As part of the family empire, I lived a life of luxury. Then doubts began to surface. Almost 15 years ago, on a shoreline outside of Athens, Greece, I stood confident in my relationship with the Lord and my ministry trajectory. I was traveling the world on a private Gulfstream jet doing “gospel” ministry and enjoying every luxury money could buy. After a comfortable flight and my favorite meal (lasagna) made by our personal chef, we prepared for a ministry trip by resting at The Grand Resort: Lagonissi. Boasting my very own ocean-view villa, complete with private pool and over 2,000 square feet of living space, I perched on the rocks above the water’s edge and rejoiced in the life I was living. After all, I was serving Jesus Christ and living the abundant life he promised. Little did I know that this coastline was part of the Aegean Sea—the same body of water the apostle Paul sailed while spreading the gospel of Jesus Christ. There was just one problem: We weren’t preaching the same gospel as Paul. Lavish Lifestyle Growing up in the Hinn family empire was like belonging to some hybrid of the royal family and the mafia. Our lifestyle was lavish, our loyalty was enforced, and our version of the gospel was big business. Though Jesus Christ was still a part of our gospel, he was more of a magic genie than the King of Kings. Rubbing him the right way—by giving money and having enough faith—would unlock your spiritual inheritance. God’s goal was not his glory but our gain. His grace was not to set us free from sin but to make us rich. The abundant life he offered wasn’t eternal, it was now. We lived the prosperity gospel. My father pastored a small church in Vancouver, British Columbia. During my teenage years, he would travel nearly twice a month with my uncle, ...Continue reading... [...]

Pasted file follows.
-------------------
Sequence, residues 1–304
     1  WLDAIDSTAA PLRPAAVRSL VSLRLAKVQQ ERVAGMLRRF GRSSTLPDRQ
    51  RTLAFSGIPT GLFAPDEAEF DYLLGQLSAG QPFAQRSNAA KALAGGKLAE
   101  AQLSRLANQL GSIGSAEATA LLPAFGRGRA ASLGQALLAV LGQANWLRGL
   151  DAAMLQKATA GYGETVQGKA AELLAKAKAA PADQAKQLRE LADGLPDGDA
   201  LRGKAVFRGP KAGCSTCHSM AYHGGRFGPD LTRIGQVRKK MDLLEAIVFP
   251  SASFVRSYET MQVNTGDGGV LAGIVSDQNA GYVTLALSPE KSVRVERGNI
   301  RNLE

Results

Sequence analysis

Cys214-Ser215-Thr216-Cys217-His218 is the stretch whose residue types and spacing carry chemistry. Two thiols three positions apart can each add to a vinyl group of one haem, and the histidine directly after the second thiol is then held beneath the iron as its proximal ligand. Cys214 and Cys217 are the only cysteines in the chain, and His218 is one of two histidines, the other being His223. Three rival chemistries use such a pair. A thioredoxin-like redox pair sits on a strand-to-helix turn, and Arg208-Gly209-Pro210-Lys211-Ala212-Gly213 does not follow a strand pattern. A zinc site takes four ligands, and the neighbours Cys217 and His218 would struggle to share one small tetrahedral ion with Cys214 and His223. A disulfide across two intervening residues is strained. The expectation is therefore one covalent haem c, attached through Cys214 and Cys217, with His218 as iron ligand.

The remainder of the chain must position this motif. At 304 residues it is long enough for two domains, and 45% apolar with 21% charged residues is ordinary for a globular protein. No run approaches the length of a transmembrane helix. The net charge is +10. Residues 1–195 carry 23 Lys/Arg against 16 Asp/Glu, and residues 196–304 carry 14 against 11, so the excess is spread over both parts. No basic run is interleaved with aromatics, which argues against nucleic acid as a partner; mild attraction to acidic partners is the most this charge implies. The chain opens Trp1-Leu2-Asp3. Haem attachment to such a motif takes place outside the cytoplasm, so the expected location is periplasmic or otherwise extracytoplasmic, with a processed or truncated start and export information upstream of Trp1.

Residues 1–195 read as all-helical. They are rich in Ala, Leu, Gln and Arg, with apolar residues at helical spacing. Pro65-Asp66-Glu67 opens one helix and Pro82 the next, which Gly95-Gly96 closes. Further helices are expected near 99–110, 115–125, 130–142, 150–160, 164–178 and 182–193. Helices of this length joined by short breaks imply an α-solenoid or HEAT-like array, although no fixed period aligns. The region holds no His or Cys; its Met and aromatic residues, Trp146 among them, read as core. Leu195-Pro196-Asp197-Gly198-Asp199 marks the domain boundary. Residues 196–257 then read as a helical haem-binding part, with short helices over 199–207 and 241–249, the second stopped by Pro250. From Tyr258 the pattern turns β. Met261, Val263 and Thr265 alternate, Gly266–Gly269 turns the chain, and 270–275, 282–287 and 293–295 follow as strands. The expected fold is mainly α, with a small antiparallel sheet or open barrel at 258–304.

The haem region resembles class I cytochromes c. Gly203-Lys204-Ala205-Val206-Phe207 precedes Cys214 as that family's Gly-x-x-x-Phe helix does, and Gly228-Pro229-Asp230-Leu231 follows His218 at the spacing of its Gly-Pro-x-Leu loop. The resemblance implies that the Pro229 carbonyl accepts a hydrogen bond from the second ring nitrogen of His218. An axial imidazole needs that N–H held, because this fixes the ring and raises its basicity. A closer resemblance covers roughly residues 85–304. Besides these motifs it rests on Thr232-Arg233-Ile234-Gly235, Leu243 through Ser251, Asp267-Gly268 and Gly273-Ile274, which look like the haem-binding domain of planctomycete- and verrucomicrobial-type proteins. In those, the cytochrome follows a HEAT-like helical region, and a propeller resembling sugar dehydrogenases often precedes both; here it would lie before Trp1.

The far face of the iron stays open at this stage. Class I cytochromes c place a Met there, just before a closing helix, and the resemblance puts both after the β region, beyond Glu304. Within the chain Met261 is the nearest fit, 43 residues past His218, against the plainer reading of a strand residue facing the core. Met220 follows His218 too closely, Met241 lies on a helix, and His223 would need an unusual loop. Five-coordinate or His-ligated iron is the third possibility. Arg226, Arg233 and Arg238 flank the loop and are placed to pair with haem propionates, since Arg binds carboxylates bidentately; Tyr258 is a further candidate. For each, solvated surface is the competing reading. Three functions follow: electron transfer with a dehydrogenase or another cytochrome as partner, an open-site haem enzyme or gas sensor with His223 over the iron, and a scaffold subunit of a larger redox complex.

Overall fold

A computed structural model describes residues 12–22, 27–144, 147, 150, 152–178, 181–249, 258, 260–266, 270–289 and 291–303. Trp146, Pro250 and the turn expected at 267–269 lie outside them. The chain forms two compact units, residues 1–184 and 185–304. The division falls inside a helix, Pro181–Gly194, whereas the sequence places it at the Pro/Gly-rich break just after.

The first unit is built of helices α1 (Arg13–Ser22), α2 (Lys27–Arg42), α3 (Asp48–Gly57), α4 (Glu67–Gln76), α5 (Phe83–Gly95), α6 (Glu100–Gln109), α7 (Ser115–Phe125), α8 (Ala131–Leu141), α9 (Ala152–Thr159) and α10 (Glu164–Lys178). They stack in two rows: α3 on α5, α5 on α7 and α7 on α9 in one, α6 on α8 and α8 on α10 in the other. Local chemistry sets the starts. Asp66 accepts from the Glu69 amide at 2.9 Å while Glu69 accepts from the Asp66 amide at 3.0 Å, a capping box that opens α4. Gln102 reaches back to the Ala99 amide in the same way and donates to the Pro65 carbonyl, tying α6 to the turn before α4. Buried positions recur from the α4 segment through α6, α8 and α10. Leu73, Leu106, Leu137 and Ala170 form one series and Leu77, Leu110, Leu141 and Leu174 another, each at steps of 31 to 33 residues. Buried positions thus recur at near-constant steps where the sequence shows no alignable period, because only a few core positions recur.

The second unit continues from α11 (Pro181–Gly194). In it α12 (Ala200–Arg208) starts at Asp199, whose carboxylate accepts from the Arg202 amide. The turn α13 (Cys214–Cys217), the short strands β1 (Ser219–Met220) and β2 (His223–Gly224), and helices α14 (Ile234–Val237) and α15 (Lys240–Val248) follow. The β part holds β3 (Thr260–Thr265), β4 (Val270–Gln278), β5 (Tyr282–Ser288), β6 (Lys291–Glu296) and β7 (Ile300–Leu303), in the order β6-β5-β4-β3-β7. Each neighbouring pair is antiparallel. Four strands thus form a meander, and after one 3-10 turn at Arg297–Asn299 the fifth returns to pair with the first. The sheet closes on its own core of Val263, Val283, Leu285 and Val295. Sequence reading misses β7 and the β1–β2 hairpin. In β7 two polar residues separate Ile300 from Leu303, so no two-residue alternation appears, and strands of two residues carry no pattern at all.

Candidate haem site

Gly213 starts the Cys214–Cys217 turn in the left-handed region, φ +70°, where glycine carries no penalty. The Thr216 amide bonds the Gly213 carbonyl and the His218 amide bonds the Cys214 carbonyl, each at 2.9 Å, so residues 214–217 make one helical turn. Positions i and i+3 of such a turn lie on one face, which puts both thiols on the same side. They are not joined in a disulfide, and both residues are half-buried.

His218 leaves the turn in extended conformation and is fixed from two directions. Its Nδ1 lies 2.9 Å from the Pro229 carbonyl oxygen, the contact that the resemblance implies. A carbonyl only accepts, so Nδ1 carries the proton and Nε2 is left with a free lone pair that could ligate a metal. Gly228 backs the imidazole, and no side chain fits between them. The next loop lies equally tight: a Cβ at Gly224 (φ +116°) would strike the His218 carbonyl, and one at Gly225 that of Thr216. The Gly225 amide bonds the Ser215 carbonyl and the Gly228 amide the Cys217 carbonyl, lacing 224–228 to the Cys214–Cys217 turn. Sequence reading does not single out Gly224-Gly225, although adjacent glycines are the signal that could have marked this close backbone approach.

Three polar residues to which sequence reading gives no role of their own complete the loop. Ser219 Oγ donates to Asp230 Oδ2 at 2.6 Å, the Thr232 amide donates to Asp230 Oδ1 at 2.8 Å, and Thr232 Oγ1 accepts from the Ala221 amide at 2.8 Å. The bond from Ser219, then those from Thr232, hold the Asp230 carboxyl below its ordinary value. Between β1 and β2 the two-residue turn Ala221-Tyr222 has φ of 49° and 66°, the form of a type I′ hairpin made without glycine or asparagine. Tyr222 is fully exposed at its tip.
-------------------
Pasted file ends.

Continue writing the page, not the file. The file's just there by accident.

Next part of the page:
Why Jesus’ Skin Color Matters

That he was an ethnic minority shapes how we minister today.

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After one of my recent lectures, a Christian college student approached me and asked if black people are uncomfortable with the fact that Jesus is white. I responded, “Jesus is not white. The Jesus of history likely looked more like me, a black woman, than you, a white woman.”

I wasn’t shocked by this student’s assumption that Jesus was of European descent, or the certitude with which she stated it. When I am in US Christian spaces, I encounter this assumption so often that I’ve come to believe it is the default assumption about Jesus’ appearance. Indeed, white Jesus is everywhere: a 30-foot-tall white Savior stands at the center of Biola University’s campus; white Jesus is featured on most Christmas cards; and the recent History Channel mini-series The Bible dramatically introduced a white Jesus to more than 100 million viewers. In most of the Western world, Jesus is white.

While Christ the Lord transcends skin color and racial divisions, white Jesus has real consequences. In all likelihood, if you close your eyes and picture Jesus, you’ll imagine a white man. Without conscious intention or awareness, many of us have become disciples of a white Jesus. Not only is white Jesus inaccurate, he also can inhibit our ability to honor the image of God in people who aren’t white.

Jesus of Nazareth likely had a darker complexion than we imagine, not unlike the olive skin common among Middle Easterners today. Princeton biblical scholar James Charlesworth goes so far as to say Jesus was “most likely dark brown and sun-tanned.” The earliest depictions of an adult Jesus showed him with an “Oriental cast” and a brown complexion. But by the sixth century, some Byzantine ...

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Interview: Beautiful Word: The Story of the ESV Illuminated Bible